Can someone help me to understand how I need to configure buildroot, so that I will be able to successfully boot my own file system and login to it ?

I have a (seemingly) working kernel, and now I created my own file system (didn't change any settings in build root really, except set console to ttyAMA0), but the boot process just seems to hang without any problems to this:

[    3.130000] VFS: Mounted root (ext3 filesystem) on device 179:2.
[    3.140000] Freeing init memory: 144K
Starting logging: OK
Starting network...
ip: RTNETLINK answers: Operation not permitted
ip: SIOCSIFFLAGS: Permission denied

Whole boot log is visible here: http://paste.ubuntu.com/1364407/

I understand that /etc/inittab controls the boot process, the contents looks like this:

# Startup the system
null::sysinit:/bin/mount -t proc proc /proc
null::sysinit:/bin/mount -o remount,rw / # REMOUNT_ROOTFS_RW
null::sysinit:/bin/mkdir -p /dev/pts
null::sysinit:/bin/mkdir -p /dev/shm
null::sysinit:/bin/mount -a
null::sysinit:/bin/hostname -F /etc/hostname
# now run any rc scripts

# Put a getty on the sttyAMA0::respawn:/sbin/getty -L ttyAMA0 115200 vt100 # GENERIC_SERIAL

# Stuff to do for the 3-finger salute

# Stuff to do before rebooting
null::shutdown:/bin/umount -a -r
null::shutdown:/sbin/swapoff -a

Any advice on what is wrong in my configuration ? Any tips on where I could get a good overview of "the usual necessary configurations" needed when creating my own linux system ?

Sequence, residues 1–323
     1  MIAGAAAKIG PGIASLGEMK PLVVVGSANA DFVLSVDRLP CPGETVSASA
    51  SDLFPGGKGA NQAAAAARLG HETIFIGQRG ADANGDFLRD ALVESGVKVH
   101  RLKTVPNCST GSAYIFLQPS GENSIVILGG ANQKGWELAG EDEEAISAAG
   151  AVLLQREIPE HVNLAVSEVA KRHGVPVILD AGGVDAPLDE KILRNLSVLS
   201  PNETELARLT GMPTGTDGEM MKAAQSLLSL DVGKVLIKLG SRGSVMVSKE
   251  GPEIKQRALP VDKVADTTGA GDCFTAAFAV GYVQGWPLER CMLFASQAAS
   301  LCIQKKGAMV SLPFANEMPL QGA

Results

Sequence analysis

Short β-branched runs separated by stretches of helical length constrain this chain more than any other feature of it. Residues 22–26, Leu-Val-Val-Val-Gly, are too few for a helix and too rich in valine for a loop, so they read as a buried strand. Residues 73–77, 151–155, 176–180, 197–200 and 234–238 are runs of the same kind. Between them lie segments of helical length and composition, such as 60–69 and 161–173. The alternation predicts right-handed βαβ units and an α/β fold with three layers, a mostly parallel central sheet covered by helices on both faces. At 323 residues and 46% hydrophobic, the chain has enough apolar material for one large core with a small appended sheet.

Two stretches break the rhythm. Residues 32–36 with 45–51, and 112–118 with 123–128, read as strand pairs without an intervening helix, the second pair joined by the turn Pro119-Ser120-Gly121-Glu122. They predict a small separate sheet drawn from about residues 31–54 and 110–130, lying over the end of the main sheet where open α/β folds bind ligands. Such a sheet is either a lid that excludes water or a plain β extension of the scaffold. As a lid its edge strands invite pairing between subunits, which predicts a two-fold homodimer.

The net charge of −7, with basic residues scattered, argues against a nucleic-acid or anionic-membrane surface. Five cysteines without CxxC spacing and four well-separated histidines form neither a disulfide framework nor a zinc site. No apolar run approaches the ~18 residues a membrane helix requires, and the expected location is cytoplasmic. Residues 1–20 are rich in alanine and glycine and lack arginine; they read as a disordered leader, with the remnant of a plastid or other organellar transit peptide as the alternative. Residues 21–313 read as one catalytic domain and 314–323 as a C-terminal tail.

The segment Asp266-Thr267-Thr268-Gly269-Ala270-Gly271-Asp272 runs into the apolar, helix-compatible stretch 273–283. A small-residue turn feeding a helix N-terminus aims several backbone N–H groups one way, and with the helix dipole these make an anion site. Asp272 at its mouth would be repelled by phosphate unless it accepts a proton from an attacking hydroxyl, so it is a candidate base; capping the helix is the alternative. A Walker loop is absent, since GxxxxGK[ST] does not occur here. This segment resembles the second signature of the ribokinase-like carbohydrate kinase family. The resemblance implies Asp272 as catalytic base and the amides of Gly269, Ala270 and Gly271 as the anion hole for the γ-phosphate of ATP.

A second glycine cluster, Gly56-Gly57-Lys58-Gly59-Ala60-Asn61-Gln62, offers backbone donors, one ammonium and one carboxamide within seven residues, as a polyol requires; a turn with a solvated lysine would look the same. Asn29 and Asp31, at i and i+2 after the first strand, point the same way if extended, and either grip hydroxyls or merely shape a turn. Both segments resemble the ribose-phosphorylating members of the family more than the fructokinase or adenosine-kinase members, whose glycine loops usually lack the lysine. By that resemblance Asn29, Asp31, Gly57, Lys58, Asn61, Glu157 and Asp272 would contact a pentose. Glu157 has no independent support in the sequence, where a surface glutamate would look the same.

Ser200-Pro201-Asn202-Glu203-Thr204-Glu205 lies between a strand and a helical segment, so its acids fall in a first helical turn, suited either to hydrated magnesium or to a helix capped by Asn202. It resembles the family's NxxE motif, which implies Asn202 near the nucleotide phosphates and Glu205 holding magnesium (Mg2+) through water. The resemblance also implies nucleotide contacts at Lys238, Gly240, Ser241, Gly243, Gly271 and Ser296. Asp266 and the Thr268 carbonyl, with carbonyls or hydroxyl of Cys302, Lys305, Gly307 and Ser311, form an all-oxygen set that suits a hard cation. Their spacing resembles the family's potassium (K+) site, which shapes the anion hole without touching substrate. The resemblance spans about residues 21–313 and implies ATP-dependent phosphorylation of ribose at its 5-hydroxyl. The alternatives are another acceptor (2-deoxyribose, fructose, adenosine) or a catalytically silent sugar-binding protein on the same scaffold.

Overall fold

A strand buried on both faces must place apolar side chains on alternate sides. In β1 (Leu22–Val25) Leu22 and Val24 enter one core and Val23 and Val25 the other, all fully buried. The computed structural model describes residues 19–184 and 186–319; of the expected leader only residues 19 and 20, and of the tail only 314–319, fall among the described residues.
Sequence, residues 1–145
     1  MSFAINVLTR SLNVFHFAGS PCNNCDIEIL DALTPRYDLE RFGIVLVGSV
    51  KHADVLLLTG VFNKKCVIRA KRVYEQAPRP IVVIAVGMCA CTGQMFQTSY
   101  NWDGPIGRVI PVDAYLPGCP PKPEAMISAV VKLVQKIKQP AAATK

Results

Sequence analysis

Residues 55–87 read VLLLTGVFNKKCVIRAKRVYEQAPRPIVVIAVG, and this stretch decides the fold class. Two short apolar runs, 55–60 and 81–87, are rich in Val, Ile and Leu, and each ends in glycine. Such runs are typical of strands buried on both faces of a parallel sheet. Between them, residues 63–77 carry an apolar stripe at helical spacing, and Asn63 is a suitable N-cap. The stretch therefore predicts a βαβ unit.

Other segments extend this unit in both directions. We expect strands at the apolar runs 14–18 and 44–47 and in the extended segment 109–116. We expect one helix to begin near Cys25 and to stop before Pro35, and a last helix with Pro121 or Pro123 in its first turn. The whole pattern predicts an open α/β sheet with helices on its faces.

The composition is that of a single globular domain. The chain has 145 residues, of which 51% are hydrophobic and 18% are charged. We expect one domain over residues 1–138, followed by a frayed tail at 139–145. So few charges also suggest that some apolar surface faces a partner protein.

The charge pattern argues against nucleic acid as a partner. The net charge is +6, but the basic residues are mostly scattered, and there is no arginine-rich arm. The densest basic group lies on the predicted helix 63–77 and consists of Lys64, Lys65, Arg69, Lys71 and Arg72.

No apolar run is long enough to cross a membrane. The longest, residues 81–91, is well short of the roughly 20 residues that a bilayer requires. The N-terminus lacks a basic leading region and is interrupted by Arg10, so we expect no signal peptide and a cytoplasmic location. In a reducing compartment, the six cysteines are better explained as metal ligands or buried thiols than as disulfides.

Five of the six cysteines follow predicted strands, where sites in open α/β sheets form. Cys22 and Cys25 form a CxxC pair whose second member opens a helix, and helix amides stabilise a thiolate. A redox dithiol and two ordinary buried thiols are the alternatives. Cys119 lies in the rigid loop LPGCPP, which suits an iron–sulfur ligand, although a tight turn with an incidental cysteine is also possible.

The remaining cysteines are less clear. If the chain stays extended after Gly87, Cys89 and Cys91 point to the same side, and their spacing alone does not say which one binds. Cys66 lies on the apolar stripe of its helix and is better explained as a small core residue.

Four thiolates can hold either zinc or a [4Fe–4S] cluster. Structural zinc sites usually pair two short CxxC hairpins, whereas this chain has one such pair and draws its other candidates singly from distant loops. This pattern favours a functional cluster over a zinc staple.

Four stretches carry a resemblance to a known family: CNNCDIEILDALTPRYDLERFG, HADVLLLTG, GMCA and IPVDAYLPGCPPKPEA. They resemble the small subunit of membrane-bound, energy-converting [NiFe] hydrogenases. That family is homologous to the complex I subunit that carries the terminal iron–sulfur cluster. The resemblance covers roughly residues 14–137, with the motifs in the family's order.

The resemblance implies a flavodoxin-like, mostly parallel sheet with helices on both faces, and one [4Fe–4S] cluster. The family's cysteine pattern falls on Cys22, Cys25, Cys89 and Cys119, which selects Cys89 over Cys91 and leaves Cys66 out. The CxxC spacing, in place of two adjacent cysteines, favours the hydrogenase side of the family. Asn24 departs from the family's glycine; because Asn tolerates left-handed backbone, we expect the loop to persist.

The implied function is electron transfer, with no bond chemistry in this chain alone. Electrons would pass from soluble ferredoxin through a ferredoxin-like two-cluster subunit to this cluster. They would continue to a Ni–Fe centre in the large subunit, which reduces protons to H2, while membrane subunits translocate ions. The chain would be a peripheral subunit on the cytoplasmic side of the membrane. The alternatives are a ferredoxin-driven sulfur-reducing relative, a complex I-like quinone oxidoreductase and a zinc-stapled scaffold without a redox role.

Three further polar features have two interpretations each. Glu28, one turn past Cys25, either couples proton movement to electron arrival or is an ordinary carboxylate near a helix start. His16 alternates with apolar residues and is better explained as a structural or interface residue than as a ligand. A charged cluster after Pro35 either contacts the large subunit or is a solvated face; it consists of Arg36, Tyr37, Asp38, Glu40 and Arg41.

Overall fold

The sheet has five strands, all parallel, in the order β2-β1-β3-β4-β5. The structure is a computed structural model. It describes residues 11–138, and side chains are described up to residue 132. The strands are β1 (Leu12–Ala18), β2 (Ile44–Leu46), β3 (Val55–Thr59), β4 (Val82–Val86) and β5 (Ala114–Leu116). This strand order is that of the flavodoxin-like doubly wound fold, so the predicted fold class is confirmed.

• This might be better on unix.stackexchange.com – Shawn J. Goff Nov 17 '12 at 14:37

This problem was raised by the submitter on the Buildroot mailing list. The solution was that the submitter was using Buildroot the contents of output/target directory directly as its root filesystem, even though the Buildroot documentation explicitly tells not to do so. This is because Buildroot does not run as root, and therefore cannot create device files or adjust permissions/ownerships properly in output/target. These steps are done when creating the root filesystem images, thanks to a magic tool called fakeroot.

Therefore, if someone wants the root filesystem to extract on a SD card partition or something like that, one should ask Buildroot to generate a tar image, and then extract it as root in the SD card partition.

Since this problem was quite common, we have now added a file in output/target called THIS_IS_NOT_YOUR_ROOT_FILESYTEM which contains details about this issue. See http://git.buildroot.net/buildroot/commit/?id=9226a9907c4eb0fffab777f50e88b74aa14d1737.

  • Thanks again, Tomas – julumme Nov 18 '12 at 3:46

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